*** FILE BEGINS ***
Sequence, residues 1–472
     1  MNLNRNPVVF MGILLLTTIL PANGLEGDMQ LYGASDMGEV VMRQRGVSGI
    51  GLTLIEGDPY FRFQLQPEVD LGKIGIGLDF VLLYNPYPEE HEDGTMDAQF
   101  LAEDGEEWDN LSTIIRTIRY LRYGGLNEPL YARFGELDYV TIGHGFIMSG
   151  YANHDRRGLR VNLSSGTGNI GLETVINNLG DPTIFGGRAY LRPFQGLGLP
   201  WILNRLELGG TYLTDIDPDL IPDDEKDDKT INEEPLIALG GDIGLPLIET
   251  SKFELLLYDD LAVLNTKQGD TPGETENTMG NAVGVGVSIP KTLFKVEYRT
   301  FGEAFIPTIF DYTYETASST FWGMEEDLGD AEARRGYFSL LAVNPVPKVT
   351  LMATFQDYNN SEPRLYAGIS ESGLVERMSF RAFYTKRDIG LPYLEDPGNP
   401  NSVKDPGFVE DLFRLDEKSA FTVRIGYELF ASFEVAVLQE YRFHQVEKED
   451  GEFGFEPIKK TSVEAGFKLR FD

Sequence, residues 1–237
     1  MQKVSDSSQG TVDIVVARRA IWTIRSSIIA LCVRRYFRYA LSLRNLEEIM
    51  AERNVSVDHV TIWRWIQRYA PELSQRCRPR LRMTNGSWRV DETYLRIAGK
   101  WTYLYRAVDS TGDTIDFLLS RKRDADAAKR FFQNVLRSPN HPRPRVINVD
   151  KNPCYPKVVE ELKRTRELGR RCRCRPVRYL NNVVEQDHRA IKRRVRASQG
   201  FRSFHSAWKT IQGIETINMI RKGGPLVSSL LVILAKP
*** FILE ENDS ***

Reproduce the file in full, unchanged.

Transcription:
Sequence, residues 1–472
     1  MNLNRNPVVF MGILLLTTIL PANGLEGDMQ LYGASDMGEV VMRQRGVSGI
    51  GLTLIEGDPY FRFQLQPEVD LGKIGIGLDF VLLYNPYPEE HEDGTMDAQF
   101  LAEDGEEWDN LSTIIRTIRY LRYGGLNEPL YARFGELDYV TIGHGFIMSG
   151  YANHDRRGLR VNLSSGTGNI GLETVINNLG DPTIFGGRAY LRPFQGLGLP
   201  WILNRLELGG TYLTDIDPDL IPDDEKDDKT INEEPLIALG GDIGLPLIET
   251  SKFELLLYDD LAVLNTKQGD TPGETENTMG NAVGVGVSIP KTLFKVEYRT
   301  FGEAFIPTIF DYTYETASST FWGMEEDLGD AEARRGYFSL LAVNPVPKVT
   351  LMATFQDYNN SEPRLYAGIS ESGLVERMSF RAFYTKRDIG LPYLEDPGNP
   401  NSVKDPGFVE DLFRLDEKSA FTVRIGYELF ASFEVAVLQE YRFHQVEKED
   451  GEFGFEPIKK TSVEAGFKLR FD

Sequence, residues 1–237
     1  MQKVSDSSQG TVDIVVARRA IWTIRSSIIA LCVRRYFRYA LSLRNLEEIM
    51  AERNVSVDHV TIWRWIQRYA PELSQRCRPR LRMTNGSWRV DETYLRIAGK
   101  WTYLYRAVDS TGDTIDFLLS RKRDADAAKR FFQNVLRSPN HPRPRVINVD
   151  KNPCYPKVVE ELKRTRELGR RCRCRPVRYL NNVVEQDHRA IKRRVRASQG
   201  FRSFHSAWKT IQGIETINMI RKGGPLVSSL LVILAKP